work of the defendant, he should in such case be credited with this addition. Winchester v. Craig, 33 Mich. 205. This rule is reasonable, and is graunded in plain principles of justice, and it is clearly applicable to the case at bar. Order affirmed. Hinman v. Heyerstadt. Opinion by Vanderburgh, J. (See 36 Am. Rep. 770; 29 id. 293; 33 Eng. Rep. 639.-ED.] [Decided June 30, 1884.]

AGENCY - - PURCHASE OF WHEAT - LIABILITY OF AGENT.-Plaintiff sent money to defendant, a commission merchant, with which to buy wheat for it, writing to him, “We will want you to buy sound wheat; do not want damp or musty grain;" and he accepted the employment. Held, that this imposed on defendant only the duty and liability of an agent, and he is not liable, without proof of want of proper care or skill, for the fact that the wheat proved to have been damp when purchased. The contract was one of employment. It created the relation of principal and agent. In the absence of express agreement or a usage of the business modifying them, the law attaches to the relation certain rights, duties and liabilities. On the part of the agent he is to obey the instructions of his principal, and to exercise in his employment reasonable skill and ordinary diligence; that is, the degree of skill ordinarily possessed and employed by persous of common capacity engaged in the same business, and the diligence which persons of common prudence are accustomed to use about their own business and affairs. Story Ag., $ 183. For a loss to his principal from neglect of these duties he is liable. But he is not an insurer of success in the business. He does not, by merely accepting the employment, guarantee his principal against such incidental losses as may occur in the course of the employment, “because," says Mr. Justice Cooley, in Page v. Wells, 37 Mich. 415, " these are incident to all avocations, and no one by implication of law ever undertakes to protect another against them.” If the principal desires to hold his agent liable for such losses he must make his contract of employment accordingly. Lake City Flouring Mill Co. v. McVean. Opinion by Gilfillan, C. J. [Decided July 18, 1884.]

EVIDENCE-CONTRACTING PARTY CANNOT BE SHOWN BY PAROL - WARRANTY - BREACH - OFFER TO RETURN.-It is incompetent to prove by parol that a written contract was inade on behalf of one not named in it, unless there be words (such as "agent," trustee," or the like) affixed to the name of the contracting party, which may indicate that he is contracting for another. Although the authorities are not in harmony on the point, the weight of them is to the effect that it cannot be done by parol. Ewell's Evans Ag. 248, and pote. A departure to some extent fron this rule was established in this State by the cases of Pratt v. Beaupre, 13 Minn. 187 (Gil. 177), and Bingham v. Stewart, 14 Minn. 214 (Gil.153), followed by Deering v. Thom, 29 Minn. 120, in which the court acted upon the proposition that when words (such as "agent,' trustee,” or the like) which may be either descriptive of the person or indicative of the character in which he contracts, are affixed to the name of a contracting party, they are prima facie descriptive only, but it may be shown by extrinsic evidence that they were used to determine the character in which the party contracts. The same proposition is stated in 1 Pars, Cont. 54, that it may be determined “in each instance and with whatever technical inaccuracy the signature is made, from the facts and the evidence, that a party is an agent or a principal in accordance with the intention of the parties to the contract, if the words are sufficient to bear the construction.” In other words, when upon the face of the contract it is doubtful with what purpose the terms "agent,” “trustee," or the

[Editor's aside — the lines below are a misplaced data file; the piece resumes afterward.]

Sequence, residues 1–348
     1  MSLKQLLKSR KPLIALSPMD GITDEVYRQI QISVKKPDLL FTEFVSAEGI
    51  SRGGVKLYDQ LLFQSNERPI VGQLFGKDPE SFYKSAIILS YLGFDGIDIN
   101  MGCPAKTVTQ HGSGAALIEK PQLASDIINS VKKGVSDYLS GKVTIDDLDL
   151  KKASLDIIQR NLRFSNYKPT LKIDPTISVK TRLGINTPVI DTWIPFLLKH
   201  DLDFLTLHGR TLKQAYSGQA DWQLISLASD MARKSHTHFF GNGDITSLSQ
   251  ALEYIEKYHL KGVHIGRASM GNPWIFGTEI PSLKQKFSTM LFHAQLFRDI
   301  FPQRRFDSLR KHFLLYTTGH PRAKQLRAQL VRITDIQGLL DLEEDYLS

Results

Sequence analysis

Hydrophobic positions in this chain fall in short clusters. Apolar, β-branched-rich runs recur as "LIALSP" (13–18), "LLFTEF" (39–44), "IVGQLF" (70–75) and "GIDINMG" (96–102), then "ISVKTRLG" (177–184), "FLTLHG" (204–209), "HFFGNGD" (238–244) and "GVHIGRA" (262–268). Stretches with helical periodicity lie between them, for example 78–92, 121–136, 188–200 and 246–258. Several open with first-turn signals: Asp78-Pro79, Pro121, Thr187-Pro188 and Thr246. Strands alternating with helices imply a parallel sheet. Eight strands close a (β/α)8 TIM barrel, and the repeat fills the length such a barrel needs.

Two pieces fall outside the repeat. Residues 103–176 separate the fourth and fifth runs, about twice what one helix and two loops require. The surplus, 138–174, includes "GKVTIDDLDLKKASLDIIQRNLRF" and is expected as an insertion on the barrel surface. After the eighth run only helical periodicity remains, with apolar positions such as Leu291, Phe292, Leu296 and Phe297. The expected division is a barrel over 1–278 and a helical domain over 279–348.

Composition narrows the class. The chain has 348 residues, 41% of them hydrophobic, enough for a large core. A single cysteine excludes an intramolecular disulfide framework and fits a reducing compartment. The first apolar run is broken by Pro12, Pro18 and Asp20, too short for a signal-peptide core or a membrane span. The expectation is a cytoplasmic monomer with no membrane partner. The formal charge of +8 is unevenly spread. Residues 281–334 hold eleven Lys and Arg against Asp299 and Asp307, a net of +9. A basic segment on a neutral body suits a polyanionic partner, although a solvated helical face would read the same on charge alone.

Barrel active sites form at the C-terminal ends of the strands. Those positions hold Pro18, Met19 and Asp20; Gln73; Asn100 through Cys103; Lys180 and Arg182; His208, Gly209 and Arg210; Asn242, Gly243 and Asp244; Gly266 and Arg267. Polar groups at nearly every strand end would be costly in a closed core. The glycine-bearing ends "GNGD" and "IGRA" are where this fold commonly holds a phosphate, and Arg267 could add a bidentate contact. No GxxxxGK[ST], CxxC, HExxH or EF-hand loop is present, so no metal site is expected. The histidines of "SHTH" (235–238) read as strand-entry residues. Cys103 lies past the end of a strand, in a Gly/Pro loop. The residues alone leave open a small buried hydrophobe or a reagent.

like were used, it may be shown by parol. The cases we have referred to go as far as is safe in that direction. Where in a warranty is this clause, “If said machine will not bear the above warranty it is to be returned after a trial of two weeks to the place of delivery, and another substituted that will answer such warranty, or the money and notes immediately refunded," the warrantee cannot maintain an action for a breach without returning or offering to return the machine. Rowell y, Olson. Opinion by Gilfillan, C. J. [Decided July 10, 1884. )

LANDLORD AND TENANT--COVENANTS IN LEASE--ERASURE-CONSTRUCTION.-Parties prepared a lease upon a printed form. In the form was a covenant not to sublet without the lessor's written consent. Following the covenants were conditions, one reserving the right to re-enter in case of subletting without the lessor's consent. Before executing tbey erased the clause containing the covenants, but left that containing the condition unchanged. Held, that the erasure of the covenant did not raise an ivference that they intended the condition to be of no effect. Pond v. Holbrook. Opinion by Gilfillan, C. J. [Decided July 10, 1884.]